The Twitter presentation I’m giving at DevLearn evolved from a rather free-form presentation I gave at Podcamp Ohio back in June. In the way of technology, a lot of what I said then has changed (Summize is now, Jott is no longer free, and so on …).

When I present, I love to get the audience involved. I want your questions; I want your input: I want your suggestions. I do not want to just get up there and talk at you. It worked fairly well in this presentation, but I would have loved more additional input.

Of course, being that I was presenting and things always go wrong, we had no Internet access for the first half of the session, and I was soaked in the rain on my way into Podcamp that morning. I don’t recover well from being drenched. But, the session got some pretty good reviews and I look forward to returning to Podcamp Ohio next year.

The Podcamp video is 20 minutes long. This is only the first half of the presentation. You can also view the second half, which is where most of the conversation takes place. I promise, I come off much better live and in person.

 | Posted by | Categories: Events, Twitter, Web 2.0, Web/Tech |

All this travel is keeping me from a lot of original content. Here is my latest post from, which I think you’ll enjoy.

I follow Laura Fitton on
Twitter and am usually either enlightened or entertained by her tweets.
Her company, Pistachio Consulting, has released a paper and a
comparison matrix on microblogging (or microsharing) tools used in
corporations: Enterprise Microsharing Tools Comparison: Nineteen Applications to Revolutionize Employee Effectiveness.
According the paper, there has been an uptick in this sort of corporate
communication as the economy has a downturn and corporations cut back
on travel costs.

Concurrently, employees see the collaboration,
networking, problem-solving and other productivity benefits of web 2.0
tools and want to apply them at work. These tools directly contribute
to knowledge capture and management as workforces are scaled back and
baby boomers retire, and they boost motivation and retention,
especially among millennial generation employees.

CIO magazine’s October survey of 243 IT executives found
three-quarters plan to freeze or cut their IT budgets. There is a
critical need for cheaper, more versatile ways for information to flow
within the enterprise. Enterprise-grade versions of Twitter may be the
low-cost solution that fills this need.

By researching 19 microsharing tools and their uses, the team came
up with several key findings, including that your employees are
probably already using some sort of microsharing tool and that these
tools should also communicate with the “gold standard” of Twitter. The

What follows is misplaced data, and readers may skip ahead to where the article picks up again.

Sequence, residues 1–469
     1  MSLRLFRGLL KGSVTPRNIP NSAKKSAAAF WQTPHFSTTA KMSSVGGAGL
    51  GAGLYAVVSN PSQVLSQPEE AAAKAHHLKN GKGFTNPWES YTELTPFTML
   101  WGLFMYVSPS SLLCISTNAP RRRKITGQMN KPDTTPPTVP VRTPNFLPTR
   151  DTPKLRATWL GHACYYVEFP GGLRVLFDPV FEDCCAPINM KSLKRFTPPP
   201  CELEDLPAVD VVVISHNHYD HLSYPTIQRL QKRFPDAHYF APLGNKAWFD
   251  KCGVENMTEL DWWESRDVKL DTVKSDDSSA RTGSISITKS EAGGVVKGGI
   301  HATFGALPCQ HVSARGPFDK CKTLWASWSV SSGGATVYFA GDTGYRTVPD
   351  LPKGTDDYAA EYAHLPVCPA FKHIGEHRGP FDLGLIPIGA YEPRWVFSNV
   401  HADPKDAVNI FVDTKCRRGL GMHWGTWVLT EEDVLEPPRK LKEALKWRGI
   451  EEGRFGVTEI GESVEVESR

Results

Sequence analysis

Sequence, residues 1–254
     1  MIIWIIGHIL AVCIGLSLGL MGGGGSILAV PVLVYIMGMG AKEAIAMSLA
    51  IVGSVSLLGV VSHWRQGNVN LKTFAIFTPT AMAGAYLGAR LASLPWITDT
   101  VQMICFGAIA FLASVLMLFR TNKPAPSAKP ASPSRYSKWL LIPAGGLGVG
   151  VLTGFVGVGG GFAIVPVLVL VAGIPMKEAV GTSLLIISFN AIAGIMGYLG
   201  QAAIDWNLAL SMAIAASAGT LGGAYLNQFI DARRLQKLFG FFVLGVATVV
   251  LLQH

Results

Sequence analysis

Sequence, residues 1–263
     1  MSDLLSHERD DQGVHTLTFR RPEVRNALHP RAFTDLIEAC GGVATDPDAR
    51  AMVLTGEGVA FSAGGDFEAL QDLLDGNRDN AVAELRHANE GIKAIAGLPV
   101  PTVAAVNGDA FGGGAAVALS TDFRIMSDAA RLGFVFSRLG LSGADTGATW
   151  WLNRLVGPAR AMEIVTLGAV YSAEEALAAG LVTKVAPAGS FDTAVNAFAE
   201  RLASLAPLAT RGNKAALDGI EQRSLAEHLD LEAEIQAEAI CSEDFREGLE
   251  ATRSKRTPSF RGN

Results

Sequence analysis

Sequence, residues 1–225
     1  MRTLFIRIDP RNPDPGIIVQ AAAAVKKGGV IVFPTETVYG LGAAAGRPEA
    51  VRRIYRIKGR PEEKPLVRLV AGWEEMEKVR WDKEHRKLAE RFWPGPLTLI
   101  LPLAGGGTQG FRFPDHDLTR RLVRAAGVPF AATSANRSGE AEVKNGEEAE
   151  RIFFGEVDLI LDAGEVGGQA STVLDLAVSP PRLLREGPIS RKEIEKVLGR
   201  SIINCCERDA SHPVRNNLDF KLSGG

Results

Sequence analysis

report goes on to define, and classify, these 19 different tools,
listing advantages and disadvantages of each. Finally, they list the
questions they asked users of these tools.

I’ll be referencing this paper in a presentation I’m giving on
microblogging in education. As a big proponent of informal learning, I
think microblogging helps inspire others to share and learn.
“Watercooler learning” is evident in Twitter, and Laura touches,
unintentionally perhaps, on these learning and training concepts.

Microsharing for organizational communication and
collaboration fundamentally changes how employees interact with others
and grow their professional capacity. Microsharing connects people in
ways that promote mutual support, rapid networking, inspiration,
mentoring and idea exchange.

This is incredibly useful for anyone looking to add a Twitter-like
tool to their arsenal of internal corporate communications. As is
pointed out in the paper, there aren’t any case studies yet, as usage
is still too new.

You can download the paper and/or matrix free from Pistachio Consulting.


Enterprise Micro Sharing Tools Comparison 11032008Upload a Document to Scribd
 | Posted by | Categories: Training, Travel, Twitter, Web 2.0 |

I’ll be presenting on Twitter at DevLearn ’08 – both at an introductory breakfast bytes session and as a slightly more advanced session later on. That has led to a Guildcast where I was interviewed by Brent Schlenker of the eLearning Guild.

We talk about Twitter (or microblogging) in general, as well as different ways I’ve used Twitter in learning on my own. I didn’t even really get to the myriad of other ways to use Twitter in learning. It was sort of a spur of the moment interview, so I’m really impressed with how Brent managed to edit out my ums, ahs, and giggles.

Oh, and Twitter is like Kleenex? There are so many microblogging tools (Twitter, Pownce,, Jaiku, etc) that Twitter itself is sort of taking on a general term. You know, like Kleenex for any tissue or Coke for what is generally a soda.

The Guildcast is here – enjoy!

 | Posted by | Categories: Conferences, eLearning, Twitter |